Transport Minister Kim Howells has been questioned by police over his admission that he destroyed records during the 1984-5 miners strike.
Kim Howells burned NUM records during strike in a 'panic'
Dr Howells, who was an official of the National Union of Mineworkers (NUM) at the time, went to police voluntarily.
In a BBC documentary earlier this year, the Pontypridd Labour MP said he was worried police would raid the union's office after a cab driver was killed taking miners to work.
Taxi driver David Wilkie died when two striking miners dropped a concrete pillar from a road bridge on to his car.
He had been taking two working miners under police escort to a Mid Glamorgan pit.
A South Wales Police spokesman confirmed that a 57-year-old man "had attended Pontypridd police station to be interviewed about comments he made in relation to the death of David Wilkie in 1984.
"He was released without charge - a report will now be submitted to the Crown Prosecution Service for consideration and advice."
Dr Howells is due to return to Pontypridd police station in six weeks time, when he will be told whether there will be charges against him.
Although Mr Wilkie's death was unrelated to any union work, Mr Howells said he felt the police would use the incident as an excuse to raid the NUM offices and get hold of their plans for running the strike.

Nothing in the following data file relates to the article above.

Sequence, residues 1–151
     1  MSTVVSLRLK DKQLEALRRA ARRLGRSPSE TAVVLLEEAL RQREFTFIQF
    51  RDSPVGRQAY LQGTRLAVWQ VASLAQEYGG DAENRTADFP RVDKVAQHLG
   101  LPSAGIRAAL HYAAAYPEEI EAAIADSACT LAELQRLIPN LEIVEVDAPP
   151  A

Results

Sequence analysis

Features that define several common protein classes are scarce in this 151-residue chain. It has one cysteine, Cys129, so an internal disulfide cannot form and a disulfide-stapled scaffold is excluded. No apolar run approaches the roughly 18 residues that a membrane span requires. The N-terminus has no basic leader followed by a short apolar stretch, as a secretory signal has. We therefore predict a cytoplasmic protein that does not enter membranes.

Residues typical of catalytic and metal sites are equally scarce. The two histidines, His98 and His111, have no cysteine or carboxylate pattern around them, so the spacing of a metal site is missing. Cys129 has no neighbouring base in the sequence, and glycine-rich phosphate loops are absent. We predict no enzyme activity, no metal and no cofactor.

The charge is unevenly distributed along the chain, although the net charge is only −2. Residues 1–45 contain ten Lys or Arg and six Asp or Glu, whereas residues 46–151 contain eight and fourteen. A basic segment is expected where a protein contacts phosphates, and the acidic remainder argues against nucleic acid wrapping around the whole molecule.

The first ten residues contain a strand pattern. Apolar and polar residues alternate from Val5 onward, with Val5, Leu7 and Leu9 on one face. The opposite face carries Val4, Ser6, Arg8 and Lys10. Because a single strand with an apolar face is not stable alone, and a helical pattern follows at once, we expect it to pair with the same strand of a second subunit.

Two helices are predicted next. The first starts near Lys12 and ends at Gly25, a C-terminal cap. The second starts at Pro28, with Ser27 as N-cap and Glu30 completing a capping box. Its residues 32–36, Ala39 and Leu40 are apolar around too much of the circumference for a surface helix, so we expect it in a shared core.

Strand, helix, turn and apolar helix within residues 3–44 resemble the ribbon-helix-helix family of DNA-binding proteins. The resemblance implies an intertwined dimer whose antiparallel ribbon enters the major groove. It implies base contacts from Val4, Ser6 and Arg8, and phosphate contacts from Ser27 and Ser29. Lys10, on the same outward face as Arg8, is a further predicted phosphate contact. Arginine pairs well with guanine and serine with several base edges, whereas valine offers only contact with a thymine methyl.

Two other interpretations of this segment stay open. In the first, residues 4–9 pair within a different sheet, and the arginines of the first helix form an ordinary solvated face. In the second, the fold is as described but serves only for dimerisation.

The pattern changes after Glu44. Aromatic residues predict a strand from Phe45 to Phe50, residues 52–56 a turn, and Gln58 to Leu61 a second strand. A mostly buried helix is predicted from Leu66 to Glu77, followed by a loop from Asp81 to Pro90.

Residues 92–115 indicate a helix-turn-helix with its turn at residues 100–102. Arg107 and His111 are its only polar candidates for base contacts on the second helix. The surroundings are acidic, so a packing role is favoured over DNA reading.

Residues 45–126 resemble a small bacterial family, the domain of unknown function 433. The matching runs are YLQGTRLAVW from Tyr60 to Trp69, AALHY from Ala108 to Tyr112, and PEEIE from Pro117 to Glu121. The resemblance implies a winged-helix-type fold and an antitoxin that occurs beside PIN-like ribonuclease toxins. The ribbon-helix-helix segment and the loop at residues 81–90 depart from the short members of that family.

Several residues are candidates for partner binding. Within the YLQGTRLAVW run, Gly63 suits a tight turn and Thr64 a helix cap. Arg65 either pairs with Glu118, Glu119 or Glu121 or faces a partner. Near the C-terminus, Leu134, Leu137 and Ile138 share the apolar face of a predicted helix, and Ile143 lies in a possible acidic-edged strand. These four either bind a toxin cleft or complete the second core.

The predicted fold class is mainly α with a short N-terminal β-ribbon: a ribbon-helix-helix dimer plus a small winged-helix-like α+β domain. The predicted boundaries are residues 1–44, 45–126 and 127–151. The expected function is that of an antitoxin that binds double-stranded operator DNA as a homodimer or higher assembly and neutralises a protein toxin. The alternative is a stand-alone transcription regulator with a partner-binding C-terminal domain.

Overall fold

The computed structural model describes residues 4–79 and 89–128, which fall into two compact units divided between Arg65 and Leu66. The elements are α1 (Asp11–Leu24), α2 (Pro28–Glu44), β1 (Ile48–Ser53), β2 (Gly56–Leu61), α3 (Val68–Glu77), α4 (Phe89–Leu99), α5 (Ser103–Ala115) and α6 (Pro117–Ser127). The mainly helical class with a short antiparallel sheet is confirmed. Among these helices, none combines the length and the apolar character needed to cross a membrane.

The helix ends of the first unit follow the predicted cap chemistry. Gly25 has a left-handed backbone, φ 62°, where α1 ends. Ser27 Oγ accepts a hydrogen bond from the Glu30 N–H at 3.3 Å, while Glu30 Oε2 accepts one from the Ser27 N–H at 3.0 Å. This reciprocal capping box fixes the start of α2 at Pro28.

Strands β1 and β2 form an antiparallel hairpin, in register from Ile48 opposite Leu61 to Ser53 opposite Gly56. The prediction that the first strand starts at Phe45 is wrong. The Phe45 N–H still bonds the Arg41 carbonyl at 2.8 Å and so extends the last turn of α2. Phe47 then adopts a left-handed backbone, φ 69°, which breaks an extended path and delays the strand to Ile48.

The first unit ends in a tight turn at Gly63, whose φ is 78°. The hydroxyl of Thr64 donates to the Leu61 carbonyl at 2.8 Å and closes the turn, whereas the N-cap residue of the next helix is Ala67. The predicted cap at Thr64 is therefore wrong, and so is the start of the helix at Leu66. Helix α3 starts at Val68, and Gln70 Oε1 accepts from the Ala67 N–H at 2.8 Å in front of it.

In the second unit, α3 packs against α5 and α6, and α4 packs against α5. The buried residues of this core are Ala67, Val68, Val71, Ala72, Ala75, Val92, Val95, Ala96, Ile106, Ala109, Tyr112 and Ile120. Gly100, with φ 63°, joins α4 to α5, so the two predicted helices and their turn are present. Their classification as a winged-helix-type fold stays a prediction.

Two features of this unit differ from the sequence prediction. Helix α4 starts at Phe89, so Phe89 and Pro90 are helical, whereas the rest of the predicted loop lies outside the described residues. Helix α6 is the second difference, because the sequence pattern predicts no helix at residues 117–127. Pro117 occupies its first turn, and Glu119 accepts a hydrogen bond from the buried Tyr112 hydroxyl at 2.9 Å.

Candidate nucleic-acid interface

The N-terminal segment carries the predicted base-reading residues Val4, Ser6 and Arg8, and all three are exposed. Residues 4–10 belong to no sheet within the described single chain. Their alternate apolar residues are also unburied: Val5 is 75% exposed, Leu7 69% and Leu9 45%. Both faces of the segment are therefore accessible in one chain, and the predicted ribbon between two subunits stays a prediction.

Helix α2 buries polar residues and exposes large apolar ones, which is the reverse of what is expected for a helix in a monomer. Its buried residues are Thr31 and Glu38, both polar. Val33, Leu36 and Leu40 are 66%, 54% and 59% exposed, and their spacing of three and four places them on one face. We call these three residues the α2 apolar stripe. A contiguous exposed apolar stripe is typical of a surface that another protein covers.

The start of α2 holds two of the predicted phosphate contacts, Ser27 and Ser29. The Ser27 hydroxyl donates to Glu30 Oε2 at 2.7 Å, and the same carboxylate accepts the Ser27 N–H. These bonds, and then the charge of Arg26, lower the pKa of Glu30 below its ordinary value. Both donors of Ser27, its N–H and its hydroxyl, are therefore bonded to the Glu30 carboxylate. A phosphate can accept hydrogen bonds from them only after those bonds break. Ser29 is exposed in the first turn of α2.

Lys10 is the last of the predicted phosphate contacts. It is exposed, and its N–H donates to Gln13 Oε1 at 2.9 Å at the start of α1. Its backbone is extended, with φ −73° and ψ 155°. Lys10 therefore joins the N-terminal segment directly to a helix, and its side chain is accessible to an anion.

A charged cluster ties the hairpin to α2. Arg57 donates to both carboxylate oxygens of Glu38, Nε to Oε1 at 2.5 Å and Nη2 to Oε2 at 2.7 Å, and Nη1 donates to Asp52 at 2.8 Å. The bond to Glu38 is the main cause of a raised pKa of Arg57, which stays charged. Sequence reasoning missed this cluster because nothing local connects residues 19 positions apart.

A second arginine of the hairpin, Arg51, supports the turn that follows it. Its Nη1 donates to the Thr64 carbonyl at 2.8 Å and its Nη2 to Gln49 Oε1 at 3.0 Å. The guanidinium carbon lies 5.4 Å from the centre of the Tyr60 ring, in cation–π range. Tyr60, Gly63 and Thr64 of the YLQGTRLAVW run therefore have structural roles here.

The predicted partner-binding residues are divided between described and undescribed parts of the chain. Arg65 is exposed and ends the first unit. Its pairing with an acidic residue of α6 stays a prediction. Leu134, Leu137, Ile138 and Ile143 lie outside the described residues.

Mr Howells explained that he had been tipped off about the tragedy by a reporter.
He spoke of his "sense of revulsion" as the death of the man and added: "I felt physically sick that someone had died as the result of the action of one of our members."
He said he then rushed to destroy records at the NUM Pontypridd HQ which he claimed would have only revealed NUM's strategy when planning their legal right to picket.
In an interview on BBC Wales' Good Morning Wales programme in January, he stressed that he felt a police raid on the offices could have compromised the strategy and that was the sole motive for his actions.
"I panicked" he said, "and destroyed a lot of historic documents."
The minister said that in November 1984 the strike had been going on for a long time and passions were running high among NUM members about miners who were abandoning the strike and returning to work.
Two men were convicted of the murder of Mr Wilkie, a charge later reduced to manslaughter. They were released in 1989.
The Miners' Strike documentary, which was broadcast on BBC Two, was an analysis of an historic and bitter dispute that created turmoil in thousands of lives and dramatically affected British society.